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Input impedance experimentations, aiming to build an A2 stage
Input impedance experimentations, aiming to build an A2 stage
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Old 8th July 2018, 04:22 PM   #11
smoking-amp is offline smoking-amp  United States
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For class A2 P-P there is an interesting possibility. I discovered this surprising technique in a LV tube operation thread recently.

Notice from your graph of grid current versus grid voltage how close to linear the current increase is. Now with 2 tubes in class A2 P-P, the sum of the grid currents would be near constant. So use a center tapped interstage xfmr to drive the two grids with a CCS pull-up on the center tap ( of the average sum current ). The driver stage will now only have to supply the mis-tracking between the two "linear" current draw curves. So will be much higher input impedance.

Edcor WSM or XSM matching xfmrs could do this inexpensively.

This obviously makes for a novel way to operate tubes at low B+ voltages, using Class A2 operation to get decent plate currents, without the grid current penalty. An XSM xfmr should allow driving output power stages in P-P class A2 also.

Last edited by smoking-amp; 8th July 2018 at 04:33 PM.
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Old 10th July 2018, 05:48 PM   #12
Gnobuddy is online now Gnobuddy  Canada
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Quote:
Originally Posted by smoking-amp View Post
...how close to linear the current increase is. Now with 2 tubes in class A2 P-P, the sum of the grid currents would be near constant.
Only if the quiescent operating point was so "hot" that both tubes were biased with the grid quite positive, i.e. deep into (control) grid current flow. For this grid current cancellation trick to work, you would actually have to stay in positive grid voltage territory even on negative signal peaks.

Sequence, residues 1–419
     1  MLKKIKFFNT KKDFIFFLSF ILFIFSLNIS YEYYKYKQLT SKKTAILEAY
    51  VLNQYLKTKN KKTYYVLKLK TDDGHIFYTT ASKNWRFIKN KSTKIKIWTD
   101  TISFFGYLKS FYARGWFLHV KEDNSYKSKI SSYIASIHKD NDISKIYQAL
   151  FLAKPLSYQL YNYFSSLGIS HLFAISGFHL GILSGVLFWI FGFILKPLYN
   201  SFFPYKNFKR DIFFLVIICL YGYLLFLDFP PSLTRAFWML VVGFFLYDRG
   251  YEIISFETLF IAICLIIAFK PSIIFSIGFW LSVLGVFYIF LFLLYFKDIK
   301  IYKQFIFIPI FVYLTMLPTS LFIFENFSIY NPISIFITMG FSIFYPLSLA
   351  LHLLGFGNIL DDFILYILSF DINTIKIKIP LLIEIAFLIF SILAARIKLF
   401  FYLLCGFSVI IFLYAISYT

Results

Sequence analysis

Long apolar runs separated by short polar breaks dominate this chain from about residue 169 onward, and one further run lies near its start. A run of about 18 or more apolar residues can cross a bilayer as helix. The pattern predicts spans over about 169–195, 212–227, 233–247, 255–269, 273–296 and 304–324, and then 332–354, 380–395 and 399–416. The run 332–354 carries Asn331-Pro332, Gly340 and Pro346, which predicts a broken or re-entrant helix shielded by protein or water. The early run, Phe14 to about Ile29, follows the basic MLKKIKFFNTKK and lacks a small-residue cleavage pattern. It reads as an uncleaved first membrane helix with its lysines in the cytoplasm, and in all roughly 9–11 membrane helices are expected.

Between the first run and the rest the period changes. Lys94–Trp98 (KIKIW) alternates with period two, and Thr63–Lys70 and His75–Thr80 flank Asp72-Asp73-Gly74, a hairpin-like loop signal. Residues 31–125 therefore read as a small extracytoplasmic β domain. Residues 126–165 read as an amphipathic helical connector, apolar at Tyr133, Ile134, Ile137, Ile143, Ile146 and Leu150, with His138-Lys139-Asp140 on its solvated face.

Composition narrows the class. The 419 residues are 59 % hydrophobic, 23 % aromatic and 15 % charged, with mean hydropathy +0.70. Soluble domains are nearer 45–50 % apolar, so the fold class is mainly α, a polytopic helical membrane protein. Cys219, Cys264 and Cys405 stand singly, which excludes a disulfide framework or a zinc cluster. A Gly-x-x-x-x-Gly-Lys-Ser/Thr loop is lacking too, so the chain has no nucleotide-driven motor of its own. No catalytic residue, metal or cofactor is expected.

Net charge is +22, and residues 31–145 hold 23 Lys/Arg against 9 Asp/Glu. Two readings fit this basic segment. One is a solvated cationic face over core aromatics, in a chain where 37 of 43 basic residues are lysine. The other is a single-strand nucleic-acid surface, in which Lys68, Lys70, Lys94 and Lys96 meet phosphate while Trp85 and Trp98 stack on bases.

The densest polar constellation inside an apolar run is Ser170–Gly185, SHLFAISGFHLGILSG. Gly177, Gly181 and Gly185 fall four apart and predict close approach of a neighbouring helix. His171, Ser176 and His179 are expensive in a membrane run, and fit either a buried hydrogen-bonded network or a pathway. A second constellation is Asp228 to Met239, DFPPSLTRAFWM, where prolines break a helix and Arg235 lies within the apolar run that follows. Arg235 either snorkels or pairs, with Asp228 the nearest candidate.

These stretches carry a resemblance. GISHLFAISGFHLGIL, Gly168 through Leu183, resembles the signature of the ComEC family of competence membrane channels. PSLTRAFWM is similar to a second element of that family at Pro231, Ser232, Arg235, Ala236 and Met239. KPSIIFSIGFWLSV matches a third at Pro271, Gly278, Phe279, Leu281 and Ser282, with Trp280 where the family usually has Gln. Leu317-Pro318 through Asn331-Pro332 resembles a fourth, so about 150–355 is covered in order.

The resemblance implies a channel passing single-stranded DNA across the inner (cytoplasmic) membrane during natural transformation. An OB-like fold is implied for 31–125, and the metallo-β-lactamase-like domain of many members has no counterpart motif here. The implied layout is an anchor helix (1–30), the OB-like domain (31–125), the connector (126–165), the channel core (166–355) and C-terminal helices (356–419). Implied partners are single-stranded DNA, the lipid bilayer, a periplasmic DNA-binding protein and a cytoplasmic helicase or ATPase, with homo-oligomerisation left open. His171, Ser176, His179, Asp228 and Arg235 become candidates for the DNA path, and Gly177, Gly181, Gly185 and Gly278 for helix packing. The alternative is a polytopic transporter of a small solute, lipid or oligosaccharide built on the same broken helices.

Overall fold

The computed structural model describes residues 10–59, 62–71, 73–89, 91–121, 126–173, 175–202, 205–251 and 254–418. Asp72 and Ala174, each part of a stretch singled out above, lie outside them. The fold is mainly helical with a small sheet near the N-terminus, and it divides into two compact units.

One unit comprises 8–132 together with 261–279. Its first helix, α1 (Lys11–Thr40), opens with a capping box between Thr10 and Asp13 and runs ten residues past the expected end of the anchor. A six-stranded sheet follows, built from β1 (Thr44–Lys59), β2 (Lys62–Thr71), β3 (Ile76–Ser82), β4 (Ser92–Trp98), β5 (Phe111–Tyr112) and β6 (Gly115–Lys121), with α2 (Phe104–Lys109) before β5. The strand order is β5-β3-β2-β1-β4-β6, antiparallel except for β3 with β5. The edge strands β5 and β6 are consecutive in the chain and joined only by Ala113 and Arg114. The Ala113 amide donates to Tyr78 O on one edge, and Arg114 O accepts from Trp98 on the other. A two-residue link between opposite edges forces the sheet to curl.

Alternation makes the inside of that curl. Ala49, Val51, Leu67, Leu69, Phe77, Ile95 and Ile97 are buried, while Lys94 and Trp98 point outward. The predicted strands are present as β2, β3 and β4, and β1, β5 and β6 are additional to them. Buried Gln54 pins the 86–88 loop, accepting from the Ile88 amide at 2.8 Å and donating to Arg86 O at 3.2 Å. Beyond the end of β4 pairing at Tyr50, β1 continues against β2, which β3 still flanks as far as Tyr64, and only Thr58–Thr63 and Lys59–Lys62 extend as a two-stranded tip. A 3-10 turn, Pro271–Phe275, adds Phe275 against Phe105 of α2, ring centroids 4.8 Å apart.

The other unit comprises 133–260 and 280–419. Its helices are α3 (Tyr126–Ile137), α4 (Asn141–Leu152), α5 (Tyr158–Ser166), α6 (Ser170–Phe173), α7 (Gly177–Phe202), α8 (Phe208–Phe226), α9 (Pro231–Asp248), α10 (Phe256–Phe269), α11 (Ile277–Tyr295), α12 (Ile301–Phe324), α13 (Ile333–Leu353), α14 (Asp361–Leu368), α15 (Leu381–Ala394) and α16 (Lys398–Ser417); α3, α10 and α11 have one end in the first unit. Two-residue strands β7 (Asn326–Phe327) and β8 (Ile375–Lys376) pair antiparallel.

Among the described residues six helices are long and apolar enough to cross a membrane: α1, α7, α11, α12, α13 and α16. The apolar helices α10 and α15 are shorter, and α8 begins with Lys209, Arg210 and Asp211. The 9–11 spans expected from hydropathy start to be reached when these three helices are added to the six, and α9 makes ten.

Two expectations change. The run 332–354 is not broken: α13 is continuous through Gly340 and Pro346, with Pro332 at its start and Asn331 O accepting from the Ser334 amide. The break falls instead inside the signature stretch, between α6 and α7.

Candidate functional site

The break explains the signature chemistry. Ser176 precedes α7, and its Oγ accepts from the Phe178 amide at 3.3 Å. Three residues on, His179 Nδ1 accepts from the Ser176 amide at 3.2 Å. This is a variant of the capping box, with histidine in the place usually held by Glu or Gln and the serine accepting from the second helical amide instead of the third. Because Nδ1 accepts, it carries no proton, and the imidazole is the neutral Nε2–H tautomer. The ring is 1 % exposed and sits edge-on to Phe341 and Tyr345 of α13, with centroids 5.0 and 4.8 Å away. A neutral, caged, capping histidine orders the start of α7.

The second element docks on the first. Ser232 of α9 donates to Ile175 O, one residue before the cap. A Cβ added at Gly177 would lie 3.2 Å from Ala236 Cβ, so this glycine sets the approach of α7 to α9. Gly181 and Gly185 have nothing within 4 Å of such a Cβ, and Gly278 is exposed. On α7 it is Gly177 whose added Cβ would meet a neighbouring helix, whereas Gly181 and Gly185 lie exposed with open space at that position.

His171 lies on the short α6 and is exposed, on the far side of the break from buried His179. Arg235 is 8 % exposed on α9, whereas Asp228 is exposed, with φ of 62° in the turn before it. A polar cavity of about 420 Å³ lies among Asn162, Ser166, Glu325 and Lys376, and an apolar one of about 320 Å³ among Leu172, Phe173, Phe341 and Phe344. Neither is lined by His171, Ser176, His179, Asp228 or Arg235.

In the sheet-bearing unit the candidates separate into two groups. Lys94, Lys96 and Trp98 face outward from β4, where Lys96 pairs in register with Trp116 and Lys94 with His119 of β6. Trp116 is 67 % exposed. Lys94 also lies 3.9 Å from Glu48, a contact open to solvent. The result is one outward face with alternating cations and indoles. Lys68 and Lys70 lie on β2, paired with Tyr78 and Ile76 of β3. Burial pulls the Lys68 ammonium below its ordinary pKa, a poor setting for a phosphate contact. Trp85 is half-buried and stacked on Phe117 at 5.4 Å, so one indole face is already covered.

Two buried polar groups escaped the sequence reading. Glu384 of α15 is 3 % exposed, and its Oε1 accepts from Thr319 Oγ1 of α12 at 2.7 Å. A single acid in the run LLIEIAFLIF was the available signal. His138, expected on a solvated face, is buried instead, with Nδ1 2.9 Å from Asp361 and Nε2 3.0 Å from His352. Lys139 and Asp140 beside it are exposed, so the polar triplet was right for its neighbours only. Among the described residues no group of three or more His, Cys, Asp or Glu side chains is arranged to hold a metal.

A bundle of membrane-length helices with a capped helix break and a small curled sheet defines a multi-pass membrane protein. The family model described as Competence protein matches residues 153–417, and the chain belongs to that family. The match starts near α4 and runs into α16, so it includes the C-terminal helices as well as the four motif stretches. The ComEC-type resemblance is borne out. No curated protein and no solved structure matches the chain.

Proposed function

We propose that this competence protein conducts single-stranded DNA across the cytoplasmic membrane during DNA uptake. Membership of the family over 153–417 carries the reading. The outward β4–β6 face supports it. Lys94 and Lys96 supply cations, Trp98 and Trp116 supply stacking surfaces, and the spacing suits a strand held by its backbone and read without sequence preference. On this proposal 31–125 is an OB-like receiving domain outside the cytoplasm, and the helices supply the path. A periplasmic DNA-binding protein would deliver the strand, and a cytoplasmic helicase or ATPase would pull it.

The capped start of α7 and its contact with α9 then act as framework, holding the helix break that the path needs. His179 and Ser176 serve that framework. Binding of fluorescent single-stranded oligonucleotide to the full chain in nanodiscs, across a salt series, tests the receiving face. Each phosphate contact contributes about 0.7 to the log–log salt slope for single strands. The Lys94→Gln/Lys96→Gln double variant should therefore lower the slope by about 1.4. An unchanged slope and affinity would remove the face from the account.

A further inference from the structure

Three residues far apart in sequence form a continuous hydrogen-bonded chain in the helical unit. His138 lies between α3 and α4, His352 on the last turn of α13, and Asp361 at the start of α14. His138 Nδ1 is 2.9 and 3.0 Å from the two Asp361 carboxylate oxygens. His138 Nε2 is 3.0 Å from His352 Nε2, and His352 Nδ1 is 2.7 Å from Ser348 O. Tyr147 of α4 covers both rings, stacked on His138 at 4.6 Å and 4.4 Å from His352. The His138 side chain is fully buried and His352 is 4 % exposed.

That is a bias so hot that the output tubes are limited to operating within quite a small region of their normal characteristic curves.

Doesn't that seem far more limiting than normal AB1 operation? Not to mention, with an ultra-hot bias like that, how are you going to keep the quiescent operating conditions below the maximum anode dissipation curve? You'd have to drop to an absurdly low B+, at which point, output power becomes drastically limited.

I can understand why this mode of operation might work in the weird world of ultra low B+ tube circuitry. Operating entirely in grid current territory is not unusual for these types of circuits.

But I can't see how the "bias it so hot it's always at positive control grid voltage" idea would work well for an audio amp running on anywhere near normal B+ voltage.

To me it makes a lot more sense to just use a MOSFET source-follower to drive the output tube grid. It has a low enough output impedance to comfortably drive the grid positive without difficulty.

-Gnobuddy
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Old 10th July 2018, 07:14 PM   #13
smoking-amp is offline smoking-amp  United States